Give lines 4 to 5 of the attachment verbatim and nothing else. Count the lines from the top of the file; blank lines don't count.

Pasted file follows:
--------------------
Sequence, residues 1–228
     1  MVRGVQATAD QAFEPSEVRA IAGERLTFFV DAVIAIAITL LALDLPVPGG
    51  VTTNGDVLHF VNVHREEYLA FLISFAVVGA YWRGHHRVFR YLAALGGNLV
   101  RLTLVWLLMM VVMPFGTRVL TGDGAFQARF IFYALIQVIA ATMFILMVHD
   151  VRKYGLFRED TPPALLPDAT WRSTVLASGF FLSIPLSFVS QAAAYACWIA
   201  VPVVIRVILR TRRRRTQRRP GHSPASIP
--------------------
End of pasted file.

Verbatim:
   101  RLTLVWLLMM VVMPFGTRVL TGDGAFQARF IFYALIQVIA ATMFILMVHD
   151  VRKYGLFRED TPPALLPDAT WRSTVLASGF FLSIPLSFVS QAAAYACWIA